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Daily News Blog

24
May

Study Finds Chemical Industry’s “Bee-Safe” Claim for Its Pesticides To Be False

Solitary ground-nesting squash bees face adverse health effects from “low-toxicity” pesticides, according to recent study.

(Beyond Pesticides, May 24, 2024) Even allegedly “low-toxicity” pesticides such as flupyradifurone (insecticide), azoxystrobin, and difenoconazole (fungicides) pose adverse health effects to solitary ground-nesting squash bees (Xenoglossa pruinose), according to a study published in Biological Sciences. Fungicide exposure led to less pollen collected per flower, while exposure to flupyradifurone (FPF) produced larger offspring (which make it more challenging for them to fly). Simultaneous exposure to the three pesticides “induced hyperactivity in female squash bees relative to both the control and single pesticide exposure, and reduced the number of emerging offspring per nest compared to individual pesticide treatments.” With United Nations Food and Agriculture Organizations-sponsored World Bee Day earlier this week, now more than ever advocates are calling for the elimination of toxic insecticide classes, such as neonicotinoids and butanolides, and their wholesale replacement with organic land management principles.

This study was written by Sabrina Rondeau, PhD, postdoctoral Fellow in the Department of Biology at the University of Ottawa, and Nigel E. Raine, PhD, professor at University of Guelph’s School of Environmental Science. Published on March 20, 2024, the researchers delve into the individual and co-exposure impacts of two fungicides and one insecticide, which is important, given the documented synergistic effects of chemical mixtures cited in other peer-reviewed, scientific studies.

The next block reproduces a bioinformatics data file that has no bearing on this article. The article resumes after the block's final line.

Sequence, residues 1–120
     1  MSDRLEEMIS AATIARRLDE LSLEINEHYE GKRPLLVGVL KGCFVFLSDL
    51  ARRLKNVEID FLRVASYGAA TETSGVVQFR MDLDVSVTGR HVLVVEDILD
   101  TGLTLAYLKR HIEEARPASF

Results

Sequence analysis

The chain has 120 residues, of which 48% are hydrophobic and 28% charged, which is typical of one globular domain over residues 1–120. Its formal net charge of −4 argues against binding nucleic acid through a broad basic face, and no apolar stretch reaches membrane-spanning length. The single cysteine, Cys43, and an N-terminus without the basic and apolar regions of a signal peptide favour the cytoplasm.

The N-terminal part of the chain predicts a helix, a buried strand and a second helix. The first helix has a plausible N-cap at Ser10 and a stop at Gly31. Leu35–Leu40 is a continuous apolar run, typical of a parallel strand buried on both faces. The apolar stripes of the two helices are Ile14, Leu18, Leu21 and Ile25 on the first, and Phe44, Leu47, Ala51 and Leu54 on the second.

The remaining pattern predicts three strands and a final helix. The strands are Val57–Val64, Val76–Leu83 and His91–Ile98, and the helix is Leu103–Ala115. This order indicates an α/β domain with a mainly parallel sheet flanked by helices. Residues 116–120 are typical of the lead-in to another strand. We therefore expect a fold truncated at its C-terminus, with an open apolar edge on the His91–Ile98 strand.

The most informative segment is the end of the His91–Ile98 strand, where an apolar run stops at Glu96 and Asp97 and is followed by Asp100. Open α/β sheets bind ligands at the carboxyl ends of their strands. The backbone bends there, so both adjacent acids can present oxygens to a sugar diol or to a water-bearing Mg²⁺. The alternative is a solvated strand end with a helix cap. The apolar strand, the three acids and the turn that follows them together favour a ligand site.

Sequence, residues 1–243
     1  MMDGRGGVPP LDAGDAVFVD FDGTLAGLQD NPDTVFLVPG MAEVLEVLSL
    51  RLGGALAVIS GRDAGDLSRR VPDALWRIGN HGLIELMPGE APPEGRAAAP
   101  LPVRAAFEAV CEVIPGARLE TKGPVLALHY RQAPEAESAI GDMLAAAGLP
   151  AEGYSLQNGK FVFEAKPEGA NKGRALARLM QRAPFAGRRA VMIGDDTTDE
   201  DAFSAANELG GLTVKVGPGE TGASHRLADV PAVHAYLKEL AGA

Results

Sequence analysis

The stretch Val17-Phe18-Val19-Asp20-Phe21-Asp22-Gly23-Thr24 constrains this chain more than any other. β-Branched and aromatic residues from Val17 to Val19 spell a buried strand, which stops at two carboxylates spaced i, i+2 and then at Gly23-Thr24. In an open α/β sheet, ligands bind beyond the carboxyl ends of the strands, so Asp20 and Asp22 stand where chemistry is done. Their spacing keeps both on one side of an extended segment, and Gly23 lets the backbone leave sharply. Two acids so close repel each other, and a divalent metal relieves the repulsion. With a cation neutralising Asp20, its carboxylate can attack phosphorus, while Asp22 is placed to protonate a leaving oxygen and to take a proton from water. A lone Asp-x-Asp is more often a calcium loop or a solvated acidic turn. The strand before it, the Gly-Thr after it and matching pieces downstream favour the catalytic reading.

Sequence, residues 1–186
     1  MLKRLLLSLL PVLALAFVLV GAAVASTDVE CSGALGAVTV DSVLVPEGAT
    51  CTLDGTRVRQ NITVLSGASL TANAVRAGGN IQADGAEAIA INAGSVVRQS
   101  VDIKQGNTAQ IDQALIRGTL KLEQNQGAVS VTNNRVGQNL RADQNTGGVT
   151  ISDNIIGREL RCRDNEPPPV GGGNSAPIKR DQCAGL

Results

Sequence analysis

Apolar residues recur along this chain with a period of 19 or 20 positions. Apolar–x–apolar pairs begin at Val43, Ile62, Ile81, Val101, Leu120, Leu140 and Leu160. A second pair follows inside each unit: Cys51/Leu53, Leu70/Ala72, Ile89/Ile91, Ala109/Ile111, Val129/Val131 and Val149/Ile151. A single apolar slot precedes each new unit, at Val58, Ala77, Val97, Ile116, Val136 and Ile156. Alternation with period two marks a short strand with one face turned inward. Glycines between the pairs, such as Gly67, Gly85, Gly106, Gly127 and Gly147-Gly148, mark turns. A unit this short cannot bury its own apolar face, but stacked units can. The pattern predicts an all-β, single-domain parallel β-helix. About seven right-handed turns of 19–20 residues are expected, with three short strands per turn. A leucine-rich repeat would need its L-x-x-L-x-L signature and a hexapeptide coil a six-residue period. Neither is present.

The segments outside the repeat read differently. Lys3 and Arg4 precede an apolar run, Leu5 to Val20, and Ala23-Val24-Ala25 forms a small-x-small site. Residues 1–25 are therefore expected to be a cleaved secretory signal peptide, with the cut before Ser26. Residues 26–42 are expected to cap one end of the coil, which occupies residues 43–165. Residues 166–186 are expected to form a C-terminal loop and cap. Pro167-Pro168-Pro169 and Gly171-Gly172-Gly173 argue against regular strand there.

The researchers used “10 hoop houses covered with bee-proof mesh and divided in the middle by a flexible wall made from transparent, colorless polyethylene plastic sheeting to obtain 20 experimental units” alongside Lakefield, Ontario, Canada in 2020. The site was sprayed with flupyradifurone and the two fungicides one week before the squash bees were introduced to their hoop houses. None of the pesticides were sprayed the following year. Over the three weeks of the experiment, Drs. Rondeau and Raine gathered data on nesting activity, foraging activity, motor activity, crop yield and flower counts, offspring production, and pesticide residues. Regarding the results specifically for the fungicides, “[o]n average, female squash bees collected 32% less pollen per single flower visit () and spent 24% less time handling squash flowers () in enclosures treated with Quadris Top [azoxystrobin and difenoconazole].” Regarding chemical mixture of Sivanto (FPF) and Quadris Top, “Computing simple main effects of pesticide treatments revealed that the mean number of offspring that emerged per nest was significantly lower for bees that were exposed to both pesticides compared to those that were only exposed to either [pesticide product.]”

This is not the first time that neonicotinoid insecticides have been found to have adverse effects on pollinators and other living organisms, including humans. The U.S. Environmental Protection Agency (EPA) registered FPF in January 2015, deeming the insecticide safer than on-the-market neonicotinoids such as imidacloprid, even though their own field studies reveal high mortality in adult bees within 24 hours of treatment.